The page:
410 Stainless Steel:

410 stainless steel is known for its durability and high resistance to wear, making it an excellent choice for applications requiring robust and long-lasting materials. However, it is important to note that 410 stainless steel is more susceptible to chemical corrosion and oxidation compared to other stainless steel grades with higher chromium content.

Despite its limited corrosion resistance, 410 stainless steel finds widespread use in various industries due to its exceptional wear resistance. Common applications include automotive parts, where strength and wear resistance are crucial for components like bearings and gears.

The medical industry also relies on 410 stainless steel for manufacturing medical products that require strength and corrosion resistance, such as surgical instruments and medical implants. Additionally, 410 stainless steel is employed in nozzles, pipelines, and valves where wear resistance and durability are essential, especially in environments with high pressures and abrasive media.

416 Stainless Steel:

416 stainless steel is a free-machining grade that contains sulfur, which significantly enhances its machinability. This unique property makes 416 stainless steel an excellent choice for applications where ease of machining is essential.

Due to its exceptional machinability, 416 stainless steel finds widespread use in various products, including valves, pumps, studs, gears, and washing machine components.

40C Stainless Steel:

440C stainless steel is renowned for its exceptional hardness and wear resistance, primarily due to its high carbon content. It is considered one of the hardest stainless steel grades available. However, it is important to note that 440C is only moderately corrosion resistant compared to other stainless steel alloys with higher chromium content.

The remarkable hardness and wear resistance of 440C stainless steel make it an ideal material for various applications that require materials to retain their shape under pressure and in abrasive environments. Common uses of 440C stainless steel include knives, where the material's hardness allows for long-lasting sharpness and edge retention. Surgical implements also benefit from 440C's wear resistance and shape retention, ensuring consistent performance during delicate medical procedures.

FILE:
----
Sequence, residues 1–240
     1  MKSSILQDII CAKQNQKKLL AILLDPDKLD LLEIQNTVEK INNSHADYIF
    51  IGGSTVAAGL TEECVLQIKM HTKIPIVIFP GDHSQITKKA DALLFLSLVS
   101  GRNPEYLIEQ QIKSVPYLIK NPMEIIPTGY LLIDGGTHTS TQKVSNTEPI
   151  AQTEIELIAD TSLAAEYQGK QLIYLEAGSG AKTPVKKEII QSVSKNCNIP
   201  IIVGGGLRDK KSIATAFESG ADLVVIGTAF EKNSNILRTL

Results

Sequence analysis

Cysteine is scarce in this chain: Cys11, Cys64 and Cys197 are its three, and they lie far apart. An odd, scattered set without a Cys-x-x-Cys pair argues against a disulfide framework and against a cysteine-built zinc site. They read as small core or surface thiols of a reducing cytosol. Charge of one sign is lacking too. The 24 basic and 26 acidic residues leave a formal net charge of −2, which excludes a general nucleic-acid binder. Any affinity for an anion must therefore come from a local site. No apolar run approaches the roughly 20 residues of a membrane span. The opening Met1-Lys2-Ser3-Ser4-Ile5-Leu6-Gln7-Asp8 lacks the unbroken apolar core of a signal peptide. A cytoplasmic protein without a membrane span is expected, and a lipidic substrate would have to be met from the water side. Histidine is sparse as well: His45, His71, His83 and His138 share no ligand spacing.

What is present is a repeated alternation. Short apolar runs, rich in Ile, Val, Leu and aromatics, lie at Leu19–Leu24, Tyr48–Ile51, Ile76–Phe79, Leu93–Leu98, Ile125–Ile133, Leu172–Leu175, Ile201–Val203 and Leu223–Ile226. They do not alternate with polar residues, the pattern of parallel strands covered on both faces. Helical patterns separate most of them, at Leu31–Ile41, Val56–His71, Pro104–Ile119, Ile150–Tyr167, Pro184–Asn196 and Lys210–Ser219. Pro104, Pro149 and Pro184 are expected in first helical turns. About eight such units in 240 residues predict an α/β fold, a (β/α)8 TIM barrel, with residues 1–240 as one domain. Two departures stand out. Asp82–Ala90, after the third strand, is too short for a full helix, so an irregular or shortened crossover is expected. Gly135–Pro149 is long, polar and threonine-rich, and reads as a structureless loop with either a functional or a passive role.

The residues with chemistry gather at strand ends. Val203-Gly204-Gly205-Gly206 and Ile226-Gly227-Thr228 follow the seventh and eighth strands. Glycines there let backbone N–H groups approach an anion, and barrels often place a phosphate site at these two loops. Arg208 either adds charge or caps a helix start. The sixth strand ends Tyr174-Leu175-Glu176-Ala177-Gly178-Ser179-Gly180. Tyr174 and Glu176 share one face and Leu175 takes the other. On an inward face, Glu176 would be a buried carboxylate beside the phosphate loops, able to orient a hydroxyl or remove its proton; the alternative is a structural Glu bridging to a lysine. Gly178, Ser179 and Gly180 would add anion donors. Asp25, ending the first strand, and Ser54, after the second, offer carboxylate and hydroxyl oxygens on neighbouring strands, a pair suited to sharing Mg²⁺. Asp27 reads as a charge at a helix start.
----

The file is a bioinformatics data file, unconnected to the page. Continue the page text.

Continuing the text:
Nozzles, due to their exposure to high pressures and abrasive media, benefit from the hardness and wear resistance of 440C stainless steel, ensuring longevity and efficiency in critical industrial processes.

Duplex Stainless Steel
1.4307 Stainless Steel:

1.4307 stainless steel, also known as AISI 304L, features low carbon content, making it less machinable than regular steels. Despite this, it finds diverse applications in various industries due to its wide range of desirable properties.

1.4404 Stainless Steel:

1.4404 stainless steel, or AISI 316L, boasts high formability and exceptional corrosion resistance. Its resistance to acids is notably high as well, making it a popular choice in applications where exposure to corrosive environments is a concern.

1.4362 Stainless Steel:

1.4362 stainless steel is a chromium-nickel duplex stainless steel with excellent resistance to localized corrosion. It also demonstrates resistance to stress corrosion cracking and exhibits high mechanical strength, making it suitable for demanding applications.

S31803 Stainless Steel:

S31803 is a potential duplex steel with a 50:50 austenite-ferrite microstructure. It offers remarkable ductility, mechanical strength, and yield strength. Additionally, S31803 provides moderate to increased resistance to corrosion, making it an attractive material in various industries.